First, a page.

If I were to write another long book on diversity, I would take as my model Alexis de Tocqueville’s Democracy in America and title it Diversity in America. And I would set out to capture the transformation of a republic founded on the ideals of freedom and equality into a regime scared into submission by the fear of being called a “racist.” This all-purpose term of opprobrium is diversity’s way of silencing dissent and forcing its way ahead wherever its leaders choose to take it.
But this isn’t that book. Instead, it is my commentary on what has happened since 2003, when I authored Diversity: The Invention of a Concept.
Diversity is the grown child still living at home. He is old enough by now to move out, but he just hasn’t gotten around to it. Moreover, the United States Supreme Court ruled in 2003 that he could stay another twenty-five years. Let’s see: that would be June 2028, when he’ll be exactly fifty years old. I suspect at that point he will want to stay put.
He will be fifty because the diversity doctrine as we have come to know it was born at the Supreme Court in June 1978. That’s when the Court handed down its decision in the case of Bakke vs. The University of California, and Justice Lewis Powell freelanced an opinion that put diversity on the map. Powell said that the Medical School at the University of California Davis had no business offering racial preferences to some applicants in an effort to right historical injustices. But if the University had justified its racial preferences as a way to achieve the educational benefits of diversity, Powell, for one, might have reached a different conclusion.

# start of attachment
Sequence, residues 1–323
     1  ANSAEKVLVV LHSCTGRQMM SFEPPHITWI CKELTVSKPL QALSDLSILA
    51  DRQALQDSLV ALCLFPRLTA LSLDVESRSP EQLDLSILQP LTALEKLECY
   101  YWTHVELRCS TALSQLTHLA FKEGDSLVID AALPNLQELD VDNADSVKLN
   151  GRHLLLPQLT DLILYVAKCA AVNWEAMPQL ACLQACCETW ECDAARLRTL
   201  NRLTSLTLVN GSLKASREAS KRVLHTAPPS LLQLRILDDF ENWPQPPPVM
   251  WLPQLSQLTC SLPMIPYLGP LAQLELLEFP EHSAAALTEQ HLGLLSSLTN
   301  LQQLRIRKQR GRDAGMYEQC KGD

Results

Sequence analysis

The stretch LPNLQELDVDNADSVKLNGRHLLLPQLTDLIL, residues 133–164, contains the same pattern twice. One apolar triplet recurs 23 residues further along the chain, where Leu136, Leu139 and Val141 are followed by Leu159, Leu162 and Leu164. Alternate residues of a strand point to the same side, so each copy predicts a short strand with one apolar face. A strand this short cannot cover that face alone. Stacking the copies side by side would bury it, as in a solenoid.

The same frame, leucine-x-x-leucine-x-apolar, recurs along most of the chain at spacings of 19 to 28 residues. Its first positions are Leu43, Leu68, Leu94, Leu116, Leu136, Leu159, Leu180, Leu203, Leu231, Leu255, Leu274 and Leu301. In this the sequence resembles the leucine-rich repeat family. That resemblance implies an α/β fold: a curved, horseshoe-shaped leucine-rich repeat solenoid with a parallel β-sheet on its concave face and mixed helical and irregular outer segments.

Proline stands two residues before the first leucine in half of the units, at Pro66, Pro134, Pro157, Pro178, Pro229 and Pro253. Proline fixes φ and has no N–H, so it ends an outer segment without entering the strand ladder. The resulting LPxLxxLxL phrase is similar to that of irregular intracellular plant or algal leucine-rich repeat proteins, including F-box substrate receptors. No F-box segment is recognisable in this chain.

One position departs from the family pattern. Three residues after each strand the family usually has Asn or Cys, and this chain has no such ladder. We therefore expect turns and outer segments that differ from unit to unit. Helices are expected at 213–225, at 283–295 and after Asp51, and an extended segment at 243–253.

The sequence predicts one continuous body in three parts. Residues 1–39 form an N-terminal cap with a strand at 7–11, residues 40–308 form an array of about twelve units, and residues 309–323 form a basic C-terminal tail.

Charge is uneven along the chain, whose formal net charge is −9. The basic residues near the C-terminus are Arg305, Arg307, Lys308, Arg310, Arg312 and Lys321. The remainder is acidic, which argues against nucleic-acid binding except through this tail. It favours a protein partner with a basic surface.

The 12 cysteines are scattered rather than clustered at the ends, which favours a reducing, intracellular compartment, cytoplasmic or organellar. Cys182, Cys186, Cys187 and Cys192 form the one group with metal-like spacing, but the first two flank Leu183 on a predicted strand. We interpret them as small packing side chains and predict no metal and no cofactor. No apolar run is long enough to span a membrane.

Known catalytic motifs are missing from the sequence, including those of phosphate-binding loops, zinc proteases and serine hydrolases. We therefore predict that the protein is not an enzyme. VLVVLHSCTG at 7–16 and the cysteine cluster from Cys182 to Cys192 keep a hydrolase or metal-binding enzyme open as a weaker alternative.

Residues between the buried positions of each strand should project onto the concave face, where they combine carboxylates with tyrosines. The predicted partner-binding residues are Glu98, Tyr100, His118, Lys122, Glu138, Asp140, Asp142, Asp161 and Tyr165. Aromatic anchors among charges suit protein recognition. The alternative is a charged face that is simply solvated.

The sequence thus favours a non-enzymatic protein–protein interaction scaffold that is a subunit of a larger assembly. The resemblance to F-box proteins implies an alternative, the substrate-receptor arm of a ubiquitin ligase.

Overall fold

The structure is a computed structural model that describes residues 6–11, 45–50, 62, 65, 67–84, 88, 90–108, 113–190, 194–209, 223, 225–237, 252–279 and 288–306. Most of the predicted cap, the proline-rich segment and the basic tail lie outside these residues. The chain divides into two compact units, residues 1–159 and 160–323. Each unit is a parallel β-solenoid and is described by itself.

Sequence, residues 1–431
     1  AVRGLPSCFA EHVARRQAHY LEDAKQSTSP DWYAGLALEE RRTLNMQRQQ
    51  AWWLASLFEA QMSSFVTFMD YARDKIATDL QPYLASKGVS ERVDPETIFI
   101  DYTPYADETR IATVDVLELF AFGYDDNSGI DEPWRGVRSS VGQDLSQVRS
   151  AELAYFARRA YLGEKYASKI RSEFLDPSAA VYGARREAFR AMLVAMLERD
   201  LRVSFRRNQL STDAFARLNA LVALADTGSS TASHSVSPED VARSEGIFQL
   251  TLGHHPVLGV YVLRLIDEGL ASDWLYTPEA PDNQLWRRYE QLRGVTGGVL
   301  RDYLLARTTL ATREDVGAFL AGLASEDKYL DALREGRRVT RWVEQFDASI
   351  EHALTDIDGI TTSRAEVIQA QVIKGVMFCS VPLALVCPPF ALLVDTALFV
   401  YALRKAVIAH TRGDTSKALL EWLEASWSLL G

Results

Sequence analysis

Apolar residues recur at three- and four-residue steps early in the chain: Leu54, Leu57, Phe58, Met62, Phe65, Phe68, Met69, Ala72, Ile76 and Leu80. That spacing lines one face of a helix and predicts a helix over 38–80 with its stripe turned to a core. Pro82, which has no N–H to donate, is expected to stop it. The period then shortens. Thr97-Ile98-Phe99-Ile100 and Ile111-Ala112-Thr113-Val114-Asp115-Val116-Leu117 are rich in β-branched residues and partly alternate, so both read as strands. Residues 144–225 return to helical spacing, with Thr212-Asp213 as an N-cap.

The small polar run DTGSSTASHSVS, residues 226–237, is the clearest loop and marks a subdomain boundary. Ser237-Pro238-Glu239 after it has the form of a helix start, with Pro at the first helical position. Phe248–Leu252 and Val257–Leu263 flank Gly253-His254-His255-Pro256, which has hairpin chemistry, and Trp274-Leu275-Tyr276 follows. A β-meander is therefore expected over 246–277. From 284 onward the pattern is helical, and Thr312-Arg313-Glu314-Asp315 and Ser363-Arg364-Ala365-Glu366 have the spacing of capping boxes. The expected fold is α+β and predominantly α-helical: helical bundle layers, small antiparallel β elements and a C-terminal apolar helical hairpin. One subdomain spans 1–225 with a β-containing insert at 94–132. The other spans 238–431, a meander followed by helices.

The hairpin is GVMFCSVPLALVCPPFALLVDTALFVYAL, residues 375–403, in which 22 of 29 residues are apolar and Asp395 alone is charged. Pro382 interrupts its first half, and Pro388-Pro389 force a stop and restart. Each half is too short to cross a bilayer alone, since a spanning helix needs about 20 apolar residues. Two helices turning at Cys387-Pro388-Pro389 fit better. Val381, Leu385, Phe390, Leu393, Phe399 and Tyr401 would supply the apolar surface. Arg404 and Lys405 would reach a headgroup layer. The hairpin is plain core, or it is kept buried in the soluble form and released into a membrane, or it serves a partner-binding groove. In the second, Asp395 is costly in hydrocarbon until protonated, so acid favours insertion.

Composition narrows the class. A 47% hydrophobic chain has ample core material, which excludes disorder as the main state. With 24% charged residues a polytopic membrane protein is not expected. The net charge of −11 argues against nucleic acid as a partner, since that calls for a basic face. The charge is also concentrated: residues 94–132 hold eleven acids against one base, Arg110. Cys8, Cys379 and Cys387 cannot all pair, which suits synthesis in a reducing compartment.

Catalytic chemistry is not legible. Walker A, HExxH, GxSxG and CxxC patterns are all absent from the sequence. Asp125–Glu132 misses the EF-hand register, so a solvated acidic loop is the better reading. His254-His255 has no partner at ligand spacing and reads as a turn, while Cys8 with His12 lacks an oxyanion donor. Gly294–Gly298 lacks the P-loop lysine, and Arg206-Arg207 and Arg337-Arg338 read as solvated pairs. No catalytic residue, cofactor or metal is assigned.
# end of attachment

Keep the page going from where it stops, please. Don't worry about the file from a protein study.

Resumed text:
No other Justice agreed with Powell on this point, and his opinion could easily have rolled off the table like a loose marble to be swept away when the cleaners arrived. But as it happened, colleges and universities were looking for a new way to justify the use of race in college admissions. They feared the Supreme Court would go beyond Bakke and rule all racial preferences unconstitutional.
That put the concept of “diversity” into play in American higher education. By the early 1980s, campus offices of “affirmative action” were rapidly being renamed diversity offices. Moreover, Powell’s awkwardly written opinion gave way to a more expansive version of the idea. The opinion, after all, stereotyped members of minority groups as walking billboards for the views he imagined were characteristic of those groups. Black students were supposed to show up enunciating “black viewpoints” for the edification of non-black students. Powell explicitly justified favoritism toward black students as a way to enhance the educational experience of white students. He rejected entirely the idea that such favoritism could be founded on anything else, such as compensating minority students for historic grievances or overcoming a history of racial discrimination.
Powell’s reasoning and his rhetoric were of limited use to the evangelists of diversity, but they swooned over the basic concept: a simple, memorable word that could stand for all sorts of things besides racial preferences in admissions. Diversity, for example, could also mean respect for the world’s many cultures and revamping the curriculum in that light; hiring faculty members who “look like” the students; and even segregating students into racial group—the better to serve their supposed group needs.
By the mid-eighties, diversity was the hottest idea in American education, and it was poised for breakout into the culture at large. In 1987, a misread report from the Hudson Institute stampeded corporate America towards the diversity cliff. The report seemed to say that by the turn of the century, standard-issue white workers would be a rapidly dwindling minority. The future belonged to those companies that got with the diversity program immediately. Overnight a new profession of “diversity consultants” was born.